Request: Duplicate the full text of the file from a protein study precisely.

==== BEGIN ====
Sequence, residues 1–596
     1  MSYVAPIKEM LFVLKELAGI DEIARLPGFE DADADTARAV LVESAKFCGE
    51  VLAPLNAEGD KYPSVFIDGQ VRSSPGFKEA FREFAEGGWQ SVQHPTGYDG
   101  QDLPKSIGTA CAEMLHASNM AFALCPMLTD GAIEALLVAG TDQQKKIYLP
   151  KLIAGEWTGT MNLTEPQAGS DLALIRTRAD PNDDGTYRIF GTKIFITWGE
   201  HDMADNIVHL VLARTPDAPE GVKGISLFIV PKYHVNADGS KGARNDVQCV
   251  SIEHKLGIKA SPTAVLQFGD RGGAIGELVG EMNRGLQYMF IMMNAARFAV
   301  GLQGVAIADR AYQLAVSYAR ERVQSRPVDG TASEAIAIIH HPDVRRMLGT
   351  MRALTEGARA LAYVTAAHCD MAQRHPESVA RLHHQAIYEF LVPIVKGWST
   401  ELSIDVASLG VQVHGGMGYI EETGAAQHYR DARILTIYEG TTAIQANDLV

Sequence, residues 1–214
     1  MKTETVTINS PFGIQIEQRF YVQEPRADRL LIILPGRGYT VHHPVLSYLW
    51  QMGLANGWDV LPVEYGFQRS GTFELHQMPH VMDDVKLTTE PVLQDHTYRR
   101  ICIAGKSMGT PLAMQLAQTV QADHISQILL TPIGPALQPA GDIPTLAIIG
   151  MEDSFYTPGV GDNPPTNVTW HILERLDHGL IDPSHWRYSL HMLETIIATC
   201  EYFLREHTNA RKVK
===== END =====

Sequence, residues 1–596
     1  MSYVAPIKEM LFVLKELAGI DEIARLPGFE DADADTARAV LVESAKFCGE
    51  VLAPLNAEGD KYPSVFIDGQ VRSSPGFKEA FREFAEGGWQ SVQHPTGYDG
   101  QDLPKSIGTA CAEMLHASNM AFALCPMLTD GAIEALLVAG TDQQKKIYLP
   151  KLIAGEWTGT MNLTEPQAGS DLALIRTRAD PNDDGTYRIF GTKIFITWGE
   201  HDMADNIVHL VLARTPDAPE GVKGISLFIV PKYHVNADGS KGARNDVQCV
   251  SIEHKLGIKA SPTAVLQFGD RGGAIGELVG EMNRGLQYMF IMMNAARFAV
   301  GLQGVAIADR AYQLAVSYAR ERVQSRPVDG TASEAIAIIH HPDVRRMLGT
   351  MRALTEGARA LAYVTAAHCD MAQRHPESVA RLHHQAIYEF LVPIVKGWST
   401  ELSIDVASLG VQVHGGMGYI EETGAAQHYR DARILTIYEG TTAIQANDLV

Sequence, residues 1–214
     1  MKTETVTINS PFGIQIEQRF YVQEPRADRL LIILPGRGYT VHHPVLSYLW
    51  QMGLANGWDV LPVEYGFQRS GTFELHQMPH VMDDVKLTTE PVLQDHTYRR
   101  ICIAGKSMGT PLAMQLAQTV QADHISQILL TPIGPALQPA GDIPTLAIIG
   151  MEDSFYTPGV GDNPPTNVTW HILERLDHGL IDPSHWRYSL HMLETIIATC
   201  EYFLREHTNA RKVK